International Auctions House Christie’s Invests In Fintech Company Art Money

Christie’s – a world-leading auction house – is entering the world of fintech, Financial Review reports. Its in-house venture capital firm, Christie’s Ventures, has made a non-controlling equity stake in global art fintech company Art Money – the first ever fintech investment in Christie’s Venture’s portfolio.

It’s hoped this is the first exciting step in a business partnership that aims to offer Art Money’s services internationally. Founded by Australian entrepreneur Paul Becker back in 2015, Art Money makes it easier for buyers to afford art, providing them with a generous ten-month interest-free payment plan.

Art Money: A “regtech, finance, and payment solution”

The equity stake will provide Christie’s with Art Money’s “reg-tech, finance, and payment solution” for international art buyers across the globe, including in the UK, US, and Australia – vital during a time of tightening regulation.

Christie’s went ahead with the deal within under twelve months of launching its venture capital arm. And Art Money will, in turn, be able to take a decent share of Christie’s yearly profits – around $1 billion in the next year – therefore helping the art fintech grow its customer base. This is quite the deal for Art Money: Christie’s is one of the biggest names in the art world, generating $3.2 billion in profits in the first half of 2023 alone.

Christie’s made its name in dealing in luxury art of all kinds, from paintings to sculptures. Metal sculptures are particularly striking and currently experiencing a surge in popularity. Louise Bourgeois’ 1996 “Spider,” for instance, recently sold at auction for a record-breaking $32.8 million, including fees. The towering bronze spider stands over ten feet tall and is over 18 feet wide.

A Solution To Tightening Regulations

Art Money is currently raising a Series A-2 round with the help of Acova Capital – an advisory firm based in Sydney, Australia, which was also responsible for arranging the Christie’s deal. The fintech company is currently backed by a mix of customers, art galleries, and high-net-worth investors, as well as three institutions – in addition to CEO Becker himself.

Art Money Pitch Deck

Art Money’s pitch deck focuses on “positioning itself as the global passport to transact, with a funding solution attached,” Financial Review aptly explains.

Art Money aims to provide “best practice fintech” and regtech (AML/KYC services) designed to facilitate a “sustainable creative economy” in the face of an ever-changing art market. Indeed, know-your-client and anti-money laundering regulations are expected to be implemented in all countries around the world sooner rather than later.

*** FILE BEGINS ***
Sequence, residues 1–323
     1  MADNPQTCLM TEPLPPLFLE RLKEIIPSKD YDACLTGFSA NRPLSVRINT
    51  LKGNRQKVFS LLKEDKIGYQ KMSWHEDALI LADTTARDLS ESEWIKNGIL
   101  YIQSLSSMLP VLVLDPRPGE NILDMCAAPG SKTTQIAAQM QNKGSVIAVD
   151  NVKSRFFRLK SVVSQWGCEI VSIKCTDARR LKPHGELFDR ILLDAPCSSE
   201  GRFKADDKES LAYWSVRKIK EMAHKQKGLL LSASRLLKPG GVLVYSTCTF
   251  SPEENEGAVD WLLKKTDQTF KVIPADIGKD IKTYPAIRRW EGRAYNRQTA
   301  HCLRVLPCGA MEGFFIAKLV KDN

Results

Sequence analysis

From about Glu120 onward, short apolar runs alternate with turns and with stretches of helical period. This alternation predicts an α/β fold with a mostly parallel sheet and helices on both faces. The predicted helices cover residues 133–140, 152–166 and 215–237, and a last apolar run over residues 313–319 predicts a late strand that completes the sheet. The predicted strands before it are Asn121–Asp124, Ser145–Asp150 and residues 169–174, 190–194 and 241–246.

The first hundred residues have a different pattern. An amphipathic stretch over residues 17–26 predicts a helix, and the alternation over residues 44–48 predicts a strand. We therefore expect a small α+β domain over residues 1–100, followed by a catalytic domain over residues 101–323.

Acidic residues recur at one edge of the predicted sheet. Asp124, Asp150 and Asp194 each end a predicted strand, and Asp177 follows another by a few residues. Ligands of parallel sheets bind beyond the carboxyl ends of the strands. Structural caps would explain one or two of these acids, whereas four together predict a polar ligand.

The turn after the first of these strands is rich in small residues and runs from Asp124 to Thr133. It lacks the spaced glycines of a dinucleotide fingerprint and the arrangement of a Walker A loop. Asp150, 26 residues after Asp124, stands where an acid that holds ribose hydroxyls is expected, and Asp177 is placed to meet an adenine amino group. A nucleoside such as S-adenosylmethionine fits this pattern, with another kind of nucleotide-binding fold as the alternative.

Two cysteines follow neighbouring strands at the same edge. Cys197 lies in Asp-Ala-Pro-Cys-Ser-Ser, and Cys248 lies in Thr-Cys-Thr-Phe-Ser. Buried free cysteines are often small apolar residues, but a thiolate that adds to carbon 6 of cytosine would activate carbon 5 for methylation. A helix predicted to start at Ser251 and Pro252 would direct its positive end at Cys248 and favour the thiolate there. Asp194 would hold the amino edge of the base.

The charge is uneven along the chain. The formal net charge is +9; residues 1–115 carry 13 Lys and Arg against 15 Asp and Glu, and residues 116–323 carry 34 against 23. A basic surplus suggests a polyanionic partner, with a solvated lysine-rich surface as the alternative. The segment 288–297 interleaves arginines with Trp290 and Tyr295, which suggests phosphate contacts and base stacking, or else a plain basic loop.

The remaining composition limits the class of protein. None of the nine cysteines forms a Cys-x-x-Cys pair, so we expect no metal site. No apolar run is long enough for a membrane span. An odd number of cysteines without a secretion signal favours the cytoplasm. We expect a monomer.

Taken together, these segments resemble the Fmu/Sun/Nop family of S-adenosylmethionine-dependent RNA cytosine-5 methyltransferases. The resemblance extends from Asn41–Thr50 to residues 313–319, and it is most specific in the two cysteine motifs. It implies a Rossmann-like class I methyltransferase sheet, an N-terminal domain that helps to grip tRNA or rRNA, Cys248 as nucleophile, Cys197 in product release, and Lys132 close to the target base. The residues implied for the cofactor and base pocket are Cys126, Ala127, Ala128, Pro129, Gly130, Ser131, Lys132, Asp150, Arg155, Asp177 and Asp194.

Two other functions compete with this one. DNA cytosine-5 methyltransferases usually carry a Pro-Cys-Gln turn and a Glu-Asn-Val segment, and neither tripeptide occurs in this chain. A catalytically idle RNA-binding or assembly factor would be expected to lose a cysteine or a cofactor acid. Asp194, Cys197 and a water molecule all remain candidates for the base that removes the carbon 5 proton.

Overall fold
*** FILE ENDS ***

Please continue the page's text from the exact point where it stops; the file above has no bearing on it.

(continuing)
Advancements In Regtech

Art is an increasingly popular investment, delivering impressive returns of around 7.6% on average, Forbes reports. However, tracing the history and provenance of each piece has historically been a challenge – therefore increasing the risk of fraud for investors.

Fortunately, advancements in regtech are set to change that. For instance, Deloitte Luxembourg, a professional services firm and part of the Grid EMEA Blockchain Lab, has debuted ArtTracktive: a prototype that relies on blockchain technology to accurately trace the provenance of artworks – with the aim of eradicating the risk of fraud.

Recording The Journey Of A Piece Of Art

The blockchain distributed ledger can be used to record the full journey of a piece of art, including all interactions with relevant involved parties – like certifiers, lenders, and sellers, as well as freight forwarders and customs. Alternatively, Deloitte’s AirMes proof of concept provides an answer to recent regulations that enforce the need for timely reporting on post-trade transactions.

European Market Infrastructure Regulation, Markets In Financial Instruments Regulation, and others involve challenges in terms of data quality, data reconciliation, timing, and cost that a blockchain can address thanks to its immutable shared ledger of pre-reconciled transaction reports”, Deloitte explains on their website.

Investment In Financial Innovation

“We are delighted that Christie’s Ventures has chosen Art Money as one of their first investments in financial innovation,” Art Money CEO Becker says about the deal.

“This validation of our business model will accelerate our vision of increased access to art and an art world that helps shape tomorrow for the better. We are excited to continue growing Art Money’s global reach alongside such an aligned and future-focused partner as Christie’s”.

Lavanya Rathnam

Lavanya Rathnam is an experienced technology, finance, and compliance writer. She combines her keen understanding of regulatory frameworks and industry best practices with exemplary writing skills to communicate complex concepts of Governance, Risk, and Compliance (GRC) in clear and accessible language. Lavanya specializes in creating informative and engaging content that educates and empowers readers to make informed decisions. She also works with different companies in the Web 3.0, blockchain, fintech, and EV industries to assess their products’ compliance with evolving regulations and standards.

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